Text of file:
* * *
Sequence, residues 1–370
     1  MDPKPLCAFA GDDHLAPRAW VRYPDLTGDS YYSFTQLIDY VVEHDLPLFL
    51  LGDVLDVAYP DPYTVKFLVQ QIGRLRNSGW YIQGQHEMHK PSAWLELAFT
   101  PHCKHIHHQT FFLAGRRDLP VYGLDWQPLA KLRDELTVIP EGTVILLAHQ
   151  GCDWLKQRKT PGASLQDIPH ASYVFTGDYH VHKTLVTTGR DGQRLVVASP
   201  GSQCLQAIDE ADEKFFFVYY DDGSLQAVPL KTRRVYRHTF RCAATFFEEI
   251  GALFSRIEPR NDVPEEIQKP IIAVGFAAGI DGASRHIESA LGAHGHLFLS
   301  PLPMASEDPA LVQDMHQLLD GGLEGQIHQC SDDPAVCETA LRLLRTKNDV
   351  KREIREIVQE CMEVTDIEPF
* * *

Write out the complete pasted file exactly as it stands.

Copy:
Sequence, residues 1–370
     1  MDPKPLCAFA GDDHLAPRAW VRYPDLTGDS YYSFTQLIDY VVEHDLPLFL
    51  LGDVLDVAYP DPYTVKFLVQ QIGRLRNSGW YIQGQHEMHK PSAWLELAFT
   101  PHCKHIHHQT FFLAGRRDLP VYGLDWQPLA KLRDELTVIP EGTVILLAHQ
   151  GCDWLKQRKT PGASLQDIPH ASYVFTGDYH VHKTLVTTGR DGQRLVVASP
   201  GSQCLQAIDE ADEKFFFVYY DDGSLQAVPL KTRRVYRHTF RCAATFFEEI
   251  GALFSRIEPR NDVPEEIQKP IIAVGFAAGI DGASRHIESA LGAHGHLFLS
   301  PLPMASEDPA LVQDMHQLLD GGLEGQIHQC SDDPAVCETA LRLLRTKNDV
   351  KREIREIVQE CMEVTDIEPF